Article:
On Monday, as if reaffirming the atmosphere of depression, which Nigerians were talking about, the United Nations released its World Happiness Report for 2017, putting the country at number 95 behind African countries like Somalia (no. 93), Morocco (no. 84), Libya (no. 68), Mauritius (no. 64) and Algeria (no. 53).

Atmosphere of gloom

Despite the gloomy statistics over the general wellbeing of the citizens, Nigeria stands as the 26th largest economy in the world with a GDP of $415bn, according to the International Monetary Fund.

Yet, Forbes describes Nigeria as “the best of the worst”, ranking the country 20th out of the 20 saddest countries in the world.

To the outside world, all these are mere numbers. But to Nigerians, the reality presents itself in the rate of suicides, murders, violent attacks, kidnappings and general atmosphere of gloom.

On the streets, the situation is felt in more immediate terms like increasing rates of road rages, street fights and petty thefts.

All these are symptomatic of a failure of system, lack of psycho-social support system and economic stress, Consultant psychologist, Prof. Olanrewaju Adebayo, said.

The don said that as the ability of people to cope with these various “stressors” reduces, the negative reactions mentioned above become a reality.

In Nigeria, many socio-economic problems drive people to the edge.

On Monday, as Dr. Orji was jumping into the lagoon in an apparent suicide on the Third Mainland Bridge, another victim, a woman, identified as Emerald, was doing the same at another end of the lagoon in Maza-maza, several kilometres away.

Fortunately, the middle-aged woman, who was said to have climbed the rails of the Maza-maza bridge and made her jump, was spotted by passers-by, who immediately rescued her before she could drown.

Again, on Friday, news broke that another woman, Taiwo Momoh, had been rescued on the Third Mainland Bridge as she attempted to jump into the lagoon in a suicide attempt.

On Tuesday, during the search for the body of Dr. Orji, the marine command of the Nigeria Police found another body, which was initially mistaken for the body of the doctor.

Some said this could be another victim of suicide or one of the country’s senseless killings, even though the police said identification had not been made while cause of death is yet unknown.

The day before Dr. Orji’s suicide, a final year student of the Ladoke Akintola University of Technology, Ogbomoso, Adesoji Adediran, hanged himself in his room.

Again, like most of the suicide cases reported in recent times, no one noticed he was suicidal. His roommates who were out studying overnight only returned the following morning to find his body dangling from the roof.

Exactly one month before the suicide of Dr. Orji, a young man climbed the Jakande pedestrian bridge in Lekki, Lagos, threatening to jump to his death.

For hours, residents and police pleaded with him before he was successfully talked down. It is unclear what happened to him thereafter.

These cases have re-focused attention on the issue of depression in Nigeria over the last few days.

In Nigeria, there is not accurate data on suicide as stakeholders believe that due to the stigma that comes with  suicide, many families never report it.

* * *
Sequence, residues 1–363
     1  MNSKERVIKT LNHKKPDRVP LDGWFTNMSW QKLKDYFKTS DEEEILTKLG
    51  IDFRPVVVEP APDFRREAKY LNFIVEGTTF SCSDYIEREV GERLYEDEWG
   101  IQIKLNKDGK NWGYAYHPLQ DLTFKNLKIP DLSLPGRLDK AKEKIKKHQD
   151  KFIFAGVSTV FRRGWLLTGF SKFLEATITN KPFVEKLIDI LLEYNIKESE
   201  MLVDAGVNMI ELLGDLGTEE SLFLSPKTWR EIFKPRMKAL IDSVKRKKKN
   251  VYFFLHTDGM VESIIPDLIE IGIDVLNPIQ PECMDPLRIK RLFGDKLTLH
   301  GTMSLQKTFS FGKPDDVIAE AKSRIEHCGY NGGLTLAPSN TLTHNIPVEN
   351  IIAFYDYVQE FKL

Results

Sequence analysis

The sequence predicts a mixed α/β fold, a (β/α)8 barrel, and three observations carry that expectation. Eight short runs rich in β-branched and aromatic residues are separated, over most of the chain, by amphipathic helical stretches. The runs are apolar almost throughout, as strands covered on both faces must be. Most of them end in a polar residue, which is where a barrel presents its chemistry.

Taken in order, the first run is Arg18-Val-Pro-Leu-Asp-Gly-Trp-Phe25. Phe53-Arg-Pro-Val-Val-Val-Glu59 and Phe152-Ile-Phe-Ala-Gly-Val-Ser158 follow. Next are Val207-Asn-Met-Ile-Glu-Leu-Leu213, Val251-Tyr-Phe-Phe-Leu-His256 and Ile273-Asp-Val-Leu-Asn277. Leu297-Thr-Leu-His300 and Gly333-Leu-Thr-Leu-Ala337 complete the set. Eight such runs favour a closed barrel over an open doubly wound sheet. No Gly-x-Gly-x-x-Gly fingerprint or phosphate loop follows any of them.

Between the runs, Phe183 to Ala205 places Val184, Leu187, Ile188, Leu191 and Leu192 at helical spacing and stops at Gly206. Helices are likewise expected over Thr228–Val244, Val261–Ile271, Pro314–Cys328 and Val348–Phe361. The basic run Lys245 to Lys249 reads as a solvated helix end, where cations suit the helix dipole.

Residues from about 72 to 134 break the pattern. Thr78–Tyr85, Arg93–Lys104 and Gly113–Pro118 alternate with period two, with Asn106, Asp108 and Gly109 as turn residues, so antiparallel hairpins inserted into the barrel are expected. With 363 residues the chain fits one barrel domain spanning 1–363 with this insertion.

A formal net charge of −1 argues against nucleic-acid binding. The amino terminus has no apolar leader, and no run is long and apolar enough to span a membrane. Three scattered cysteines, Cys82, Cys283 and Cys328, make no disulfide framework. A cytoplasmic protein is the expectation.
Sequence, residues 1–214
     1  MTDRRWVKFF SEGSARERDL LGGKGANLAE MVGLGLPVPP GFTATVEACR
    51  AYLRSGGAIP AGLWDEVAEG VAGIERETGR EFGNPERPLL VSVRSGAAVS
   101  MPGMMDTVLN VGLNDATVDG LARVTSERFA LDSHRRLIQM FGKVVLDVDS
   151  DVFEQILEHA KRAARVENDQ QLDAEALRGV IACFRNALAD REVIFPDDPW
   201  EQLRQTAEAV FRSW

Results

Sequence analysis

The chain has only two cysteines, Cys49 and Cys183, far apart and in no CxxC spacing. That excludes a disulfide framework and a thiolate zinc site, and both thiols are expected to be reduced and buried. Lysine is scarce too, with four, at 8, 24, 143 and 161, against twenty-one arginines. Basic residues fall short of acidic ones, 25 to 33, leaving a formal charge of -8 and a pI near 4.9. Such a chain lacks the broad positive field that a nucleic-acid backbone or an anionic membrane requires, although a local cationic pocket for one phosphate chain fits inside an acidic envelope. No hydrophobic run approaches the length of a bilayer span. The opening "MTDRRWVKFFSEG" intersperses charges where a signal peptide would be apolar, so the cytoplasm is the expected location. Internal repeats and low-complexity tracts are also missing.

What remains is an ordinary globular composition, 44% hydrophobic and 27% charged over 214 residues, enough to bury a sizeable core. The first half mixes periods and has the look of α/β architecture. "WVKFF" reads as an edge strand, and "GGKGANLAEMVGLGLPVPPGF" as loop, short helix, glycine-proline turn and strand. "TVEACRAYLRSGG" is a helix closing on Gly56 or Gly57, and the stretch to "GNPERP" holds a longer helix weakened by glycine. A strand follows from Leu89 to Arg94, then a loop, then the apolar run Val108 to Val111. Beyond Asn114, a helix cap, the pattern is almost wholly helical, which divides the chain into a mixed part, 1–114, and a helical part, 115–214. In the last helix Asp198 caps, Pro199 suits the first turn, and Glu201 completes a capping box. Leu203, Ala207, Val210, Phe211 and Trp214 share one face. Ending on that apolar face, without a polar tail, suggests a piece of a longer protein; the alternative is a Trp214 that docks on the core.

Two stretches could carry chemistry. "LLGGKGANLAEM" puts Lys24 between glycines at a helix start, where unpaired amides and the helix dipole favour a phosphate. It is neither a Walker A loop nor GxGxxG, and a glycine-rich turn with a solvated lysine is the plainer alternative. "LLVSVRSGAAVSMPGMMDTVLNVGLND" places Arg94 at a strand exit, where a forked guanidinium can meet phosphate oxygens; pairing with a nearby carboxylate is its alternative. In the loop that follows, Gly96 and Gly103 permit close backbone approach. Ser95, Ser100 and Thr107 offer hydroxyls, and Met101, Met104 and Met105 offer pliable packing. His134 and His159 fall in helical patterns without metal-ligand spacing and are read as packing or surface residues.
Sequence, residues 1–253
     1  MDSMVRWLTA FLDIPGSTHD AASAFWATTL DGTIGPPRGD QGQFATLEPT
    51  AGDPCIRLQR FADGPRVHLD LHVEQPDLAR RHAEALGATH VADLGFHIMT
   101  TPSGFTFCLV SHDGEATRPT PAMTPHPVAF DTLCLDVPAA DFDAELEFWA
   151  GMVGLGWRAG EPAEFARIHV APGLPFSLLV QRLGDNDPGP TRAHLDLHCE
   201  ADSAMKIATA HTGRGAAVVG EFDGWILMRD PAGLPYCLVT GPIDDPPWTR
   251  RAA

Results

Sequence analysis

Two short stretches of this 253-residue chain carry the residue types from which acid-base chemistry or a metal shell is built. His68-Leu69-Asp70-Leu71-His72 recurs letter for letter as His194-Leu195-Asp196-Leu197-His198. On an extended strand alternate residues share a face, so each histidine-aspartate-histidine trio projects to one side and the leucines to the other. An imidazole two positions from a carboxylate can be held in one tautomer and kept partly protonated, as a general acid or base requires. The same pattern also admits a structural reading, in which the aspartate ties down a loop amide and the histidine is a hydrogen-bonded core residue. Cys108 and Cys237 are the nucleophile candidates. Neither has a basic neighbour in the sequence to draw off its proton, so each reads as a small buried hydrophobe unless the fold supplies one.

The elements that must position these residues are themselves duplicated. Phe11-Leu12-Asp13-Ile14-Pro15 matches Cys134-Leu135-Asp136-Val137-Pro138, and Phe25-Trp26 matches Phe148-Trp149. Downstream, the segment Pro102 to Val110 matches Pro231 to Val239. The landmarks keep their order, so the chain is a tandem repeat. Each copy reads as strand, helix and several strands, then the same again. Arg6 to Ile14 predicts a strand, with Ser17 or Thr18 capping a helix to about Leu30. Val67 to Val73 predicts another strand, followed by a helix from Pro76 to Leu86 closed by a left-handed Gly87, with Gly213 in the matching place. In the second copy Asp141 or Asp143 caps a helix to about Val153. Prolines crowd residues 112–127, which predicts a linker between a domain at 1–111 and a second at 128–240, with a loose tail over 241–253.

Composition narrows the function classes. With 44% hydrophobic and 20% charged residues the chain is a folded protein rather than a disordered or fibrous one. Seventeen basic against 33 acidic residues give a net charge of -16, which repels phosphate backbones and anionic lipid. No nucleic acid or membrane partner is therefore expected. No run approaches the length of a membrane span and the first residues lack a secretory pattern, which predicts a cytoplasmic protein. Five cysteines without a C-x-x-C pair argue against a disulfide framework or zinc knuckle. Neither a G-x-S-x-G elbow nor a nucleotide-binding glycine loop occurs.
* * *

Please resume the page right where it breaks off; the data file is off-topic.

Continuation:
Unfortunately, there is little or no coordinated support for depression victims in Nigeria.

To address this issue, a Lagos-based documentary photographer, Oladimeji Coker, recently started a project that would help offer help offer a microcosm of communal support for depression victims.

On his website, he called for volunteers who could offer any form of support, be it in treatment or social support.

Coker explained that through his interaction with a medical professor, he learnt that  the loss of the social support offered by culture may lead to depression

He said, “The most important part of the African culture is the communal relationship. In the traditional Yoruba communities, one might be a stranger in a community but everybody would still try to offer their support to such person. That alone would have been away to fight depression in those days.

“I realised that a lot of people battling depression in Nigeria have been doing it on their own for too long. It may not work. Sadly if victims of depression are left to fight the battle on their own, we would continue to have more suicide. What this project is doing is to bring a community approach into the issue.”

Coker also explained that one of the problem the Nigerian government must address is the high cost of psychiatric treatments.

In a similar step, few days ago, the Lagos University Teaching Hospital, initiated the Suicide Prevention Service Centre. The Coordinator of the centre, Dr. Raphael Ogbolu, said it has now become necessary to start the service immediate in the light of the increasing number of suicides in the country.

But Professor Olatunji Aina of the Department of Psychiatry, University of Lagos, said Nigerians must be mindful of the fact that depression is not the only cause of suicide.

According to him, suicide could be triggered by social and economic problems or even substance abuse.

Aina said, “But depression as we know it in the medical field is still the major cause of suicide even though it is not the only cause.

“Depression is one of the major psychiatric problems all over the world not just in Nigeria. In fact, it is one of the leading causes of morbidity.

“Because it is not scientifically documented in Nigeria does not mean it is not a major problem here already. From the time ab initio, there has been a problem describing what depression is.

“Virtually all the local languages in Africa do not have specific words for depression.”

According to the don, the lack of an ethnic distinction of depression is a major reason why the problem has never been taken seriously in this part of the world.

“Under-recognition of the problem is one of the reasons depression is a major issue in health care. When someone with depression comes to the hospital, sometimes, they don’t present the symptoms we see among whites. They present bodily symptoms that mask the actual symptoms of depression. It can only take an experienced doctor to make a right diagnosis,” he said.